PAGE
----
Basics of Market Capitalization in Indian Stock Market

Equity Market Value, commonly referred to as “market cap,” is calculated by multiplying number of shares outstanding by the current market price per share. The investment community uses this figure to determine a company’s size, as opposed to using sales or profitability or cash flows or total asset figures. Stock price per share does not give an idea of how big or small is a company. See table below.

Market cap is a comparable measurement for companies competing each other — peer valuation. People often associate market cap with known and unknown companies, but classification is done as per SEBI’s guidelines.

Classification of companies by market cap as per SEBI’s guidelines

So, is market cap an important investment criterion?

The answer may be ‘yes’ if you are a Mutual Fund, AIF or a PMS as quantum of each purchase and liquidity available in the stock become important factors. These are closely linked to free float market cap or non-promoter holding.

However, for an individual investor market cap may not be the most important investment criterion. Currently, the belief is that Large caps are safe and Mid and Small caps are risky.  The question is how does one perceive risk for a short-term trader, Price, Volatility Risk or Sigma may be more important. But for a long-term investor Business Risks in a company that can impact the growth trajectory of its earnings are greater risks. Take a look at the table below:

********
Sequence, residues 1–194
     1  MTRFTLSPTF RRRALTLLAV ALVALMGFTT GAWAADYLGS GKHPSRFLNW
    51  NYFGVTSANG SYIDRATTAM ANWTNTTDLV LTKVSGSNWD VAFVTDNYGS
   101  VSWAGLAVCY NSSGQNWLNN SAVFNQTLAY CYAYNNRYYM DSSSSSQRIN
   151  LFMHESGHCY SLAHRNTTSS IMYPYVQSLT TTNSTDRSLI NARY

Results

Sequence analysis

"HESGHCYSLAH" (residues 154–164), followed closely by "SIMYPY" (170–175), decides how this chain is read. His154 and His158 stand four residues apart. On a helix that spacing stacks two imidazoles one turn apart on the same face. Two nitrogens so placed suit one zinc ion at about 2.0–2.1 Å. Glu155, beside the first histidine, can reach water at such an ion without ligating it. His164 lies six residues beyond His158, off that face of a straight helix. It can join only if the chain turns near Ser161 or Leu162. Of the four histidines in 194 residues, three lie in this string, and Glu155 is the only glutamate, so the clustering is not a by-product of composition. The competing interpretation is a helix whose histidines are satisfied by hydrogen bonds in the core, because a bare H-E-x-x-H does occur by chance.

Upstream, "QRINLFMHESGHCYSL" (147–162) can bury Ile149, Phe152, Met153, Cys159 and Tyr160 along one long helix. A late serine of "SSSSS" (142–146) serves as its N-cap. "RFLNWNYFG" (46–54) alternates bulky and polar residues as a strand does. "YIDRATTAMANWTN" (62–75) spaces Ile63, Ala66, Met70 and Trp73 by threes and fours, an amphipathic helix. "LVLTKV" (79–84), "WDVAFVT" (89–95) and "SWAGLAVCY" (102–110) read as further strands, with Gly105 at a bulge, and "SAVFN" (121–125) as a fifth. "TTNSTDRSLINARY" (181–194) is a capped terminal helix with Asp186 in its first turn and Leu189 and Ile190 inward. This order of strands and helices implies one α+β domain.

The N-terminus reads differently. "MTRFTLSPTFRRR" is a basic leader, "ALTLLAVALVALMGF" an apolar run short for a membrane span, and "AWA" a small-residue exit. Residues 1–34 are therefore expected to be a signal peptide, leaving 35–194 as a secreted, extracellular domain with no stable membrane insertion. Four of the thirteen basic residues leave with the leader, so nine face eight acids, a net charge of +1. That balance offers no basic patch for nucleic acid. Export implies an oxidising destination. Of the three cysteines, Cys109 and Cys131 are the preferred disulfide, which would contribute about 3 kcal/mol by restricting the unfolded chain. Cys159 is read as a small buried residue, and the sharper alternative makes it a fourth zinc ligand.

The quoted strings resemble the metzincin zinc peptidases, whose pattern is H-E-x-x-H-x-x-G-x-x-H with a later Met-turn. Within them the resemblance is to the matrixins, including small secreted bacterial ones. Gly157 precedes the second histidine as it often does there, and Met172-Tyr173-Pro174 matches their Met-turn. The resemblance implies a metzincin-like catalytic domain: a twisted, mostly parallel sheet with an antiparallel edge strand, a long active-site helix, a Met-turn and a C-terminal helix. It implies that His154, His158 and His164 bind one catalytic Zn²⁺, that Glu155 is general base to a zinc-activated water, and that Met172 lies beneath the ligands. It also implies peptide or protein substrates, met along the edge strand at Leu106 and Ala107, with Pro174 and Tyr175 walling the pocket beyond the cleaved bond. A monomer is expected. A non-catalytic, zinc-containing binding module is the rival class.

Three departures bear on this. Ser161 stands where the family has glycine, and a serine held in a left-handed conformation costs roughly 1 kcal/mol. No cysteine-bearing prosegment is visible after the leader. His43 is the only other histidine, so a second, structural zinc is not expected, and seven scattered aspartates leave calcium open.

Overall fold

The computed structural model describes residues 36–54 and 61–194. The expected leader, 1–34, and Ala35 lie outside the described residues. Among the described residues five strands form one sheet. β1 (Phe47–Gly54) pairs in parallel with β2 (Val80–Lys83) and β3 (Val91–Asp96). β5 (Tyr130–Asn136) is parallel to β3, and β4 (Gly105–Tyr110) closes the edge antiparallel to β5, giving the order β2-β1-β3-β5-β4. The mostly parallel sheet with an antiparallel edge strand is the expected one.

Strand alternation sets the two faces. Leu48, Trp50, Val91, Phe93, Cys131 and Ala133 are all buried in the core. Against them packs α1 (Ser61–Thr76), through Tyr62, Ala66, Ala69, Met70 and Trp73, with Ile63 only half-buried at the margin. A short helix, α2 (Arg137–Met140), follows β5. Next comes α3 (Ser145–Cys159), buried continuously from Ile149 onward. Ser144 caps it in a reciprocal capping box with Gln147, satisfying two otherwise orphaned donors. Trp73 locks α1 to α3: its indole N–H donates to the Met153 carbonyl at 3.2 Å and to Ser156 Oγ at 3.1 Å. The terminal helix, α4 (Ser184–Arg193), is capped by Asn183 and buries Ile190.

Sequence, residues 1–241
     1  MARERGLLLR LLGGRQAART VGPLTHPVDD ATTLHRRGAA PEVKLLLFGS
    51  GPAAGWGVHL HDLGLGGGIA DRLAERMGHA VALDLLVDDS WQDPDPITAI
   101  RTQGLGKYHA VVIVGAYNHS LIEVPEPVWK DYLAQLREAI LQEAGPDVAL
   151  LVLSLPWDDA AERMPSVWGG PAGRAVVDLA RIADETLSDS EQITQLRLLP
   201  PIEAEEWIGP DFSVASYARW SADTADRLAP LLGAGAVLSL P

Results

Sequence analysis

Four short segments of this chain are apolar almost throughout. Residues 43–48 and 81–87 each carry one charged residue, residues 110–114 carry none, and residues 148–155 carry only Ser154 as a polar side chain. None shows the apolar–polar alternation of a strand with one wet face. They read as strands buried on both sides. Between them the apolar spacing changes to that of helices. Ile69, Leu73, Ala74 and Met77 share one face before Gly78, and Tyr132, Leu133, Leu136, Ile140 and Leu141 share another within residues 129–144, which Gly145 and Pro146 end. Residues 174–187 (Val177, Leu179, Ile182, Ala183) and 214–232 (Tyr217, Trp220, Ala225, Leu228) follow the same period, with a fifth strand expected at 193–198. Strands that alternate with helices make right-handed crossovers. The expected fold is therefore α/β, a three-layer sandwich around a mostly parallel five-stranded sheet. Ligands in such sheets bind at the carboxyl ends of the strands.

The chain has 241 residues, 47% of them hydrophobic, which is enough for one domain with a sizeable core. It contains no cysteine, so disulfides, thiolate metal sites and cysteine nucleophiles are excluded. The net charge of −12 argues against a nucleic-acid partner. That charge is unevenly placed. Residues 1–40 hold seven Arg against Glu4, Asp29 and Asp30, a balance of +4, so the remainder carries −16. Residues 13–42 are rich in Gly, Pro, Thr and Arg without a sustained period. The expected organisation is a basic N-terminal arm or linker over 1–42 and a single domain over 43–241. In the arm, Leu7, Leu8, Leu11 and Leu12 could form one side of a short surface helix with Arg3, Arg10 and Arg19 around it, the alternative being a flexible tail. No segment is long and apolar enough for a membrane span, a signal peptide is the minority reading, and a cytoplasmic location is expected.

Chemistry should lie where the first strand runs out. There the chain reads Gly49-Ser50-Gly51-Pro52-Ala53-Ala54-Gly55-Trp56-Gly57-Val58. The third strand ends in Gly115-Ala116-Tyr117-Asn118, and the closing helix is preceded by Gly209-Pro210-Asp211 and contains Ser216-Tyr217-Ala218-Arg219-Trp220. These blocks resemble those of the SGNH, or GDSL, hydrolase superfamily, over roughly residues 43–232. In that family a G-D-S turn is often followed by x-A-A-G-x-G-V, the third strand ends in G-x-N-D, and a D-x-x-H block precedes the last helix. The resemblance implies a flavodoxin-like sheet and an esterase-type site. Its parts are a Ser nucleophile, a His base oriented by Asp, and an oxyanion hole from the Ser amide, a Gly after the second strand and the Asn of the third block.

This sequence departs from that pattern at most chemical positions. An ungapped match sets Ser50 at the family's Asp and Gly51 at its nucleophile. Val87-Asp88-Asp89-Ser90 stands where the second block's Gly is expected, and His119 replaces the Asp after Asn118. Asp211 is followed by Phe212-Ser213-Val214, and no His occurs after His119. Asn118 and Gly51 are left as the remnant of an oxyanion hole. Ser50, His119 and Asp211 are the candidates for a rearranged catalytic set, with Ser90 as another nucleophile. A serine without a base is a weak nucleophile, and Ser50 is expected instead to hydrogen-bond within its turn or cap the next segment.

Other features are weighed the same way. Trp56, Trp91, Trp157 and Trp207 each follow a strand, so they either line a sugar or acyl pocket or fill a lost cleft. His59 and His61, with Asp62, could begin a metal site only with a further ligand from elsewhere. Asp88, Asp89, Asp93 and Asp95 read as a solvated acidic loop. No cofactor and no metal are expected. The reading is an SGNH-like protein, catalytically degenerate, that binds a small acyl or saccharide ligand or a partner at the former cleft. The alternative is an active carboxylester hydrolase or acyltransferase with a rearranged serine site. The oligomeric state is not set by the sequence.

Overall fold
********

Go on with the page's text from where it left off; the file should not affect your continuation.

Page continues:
So, Large caps are safe and Mid and Small are risky, correct?

Not really. We have seen big businesses collapse on account of (i) poor management; (ii) inability to respond to changes in macro factors; (iii) competition; and (iv) over-leveraged balance sheets, to name a few factors. The table below indicates level of Price Volatility Risk and Business Risk by market cap:


A Particular market cap alone may not provide the deciding investment hypothesis. This also means a long-term investor diversifying (within equities) using ‘market-cap’ — may consider diversifying keeping ‘business risk’ in mind.

A long-term investor should invest in good businesses. The right investment criteria may be a combination of the following: (i) experienced management, (ii) sound financials, (iii) growth potential; and (iv) compelling valuation. These coupled with zero tolerance corporate governance would be right criteria for investment.

This article was published on FPPulse special edition 2019 which was launched during CoFP India Retreat 2019


Leave a Reply

Your email address will not be published. Required fields are marked *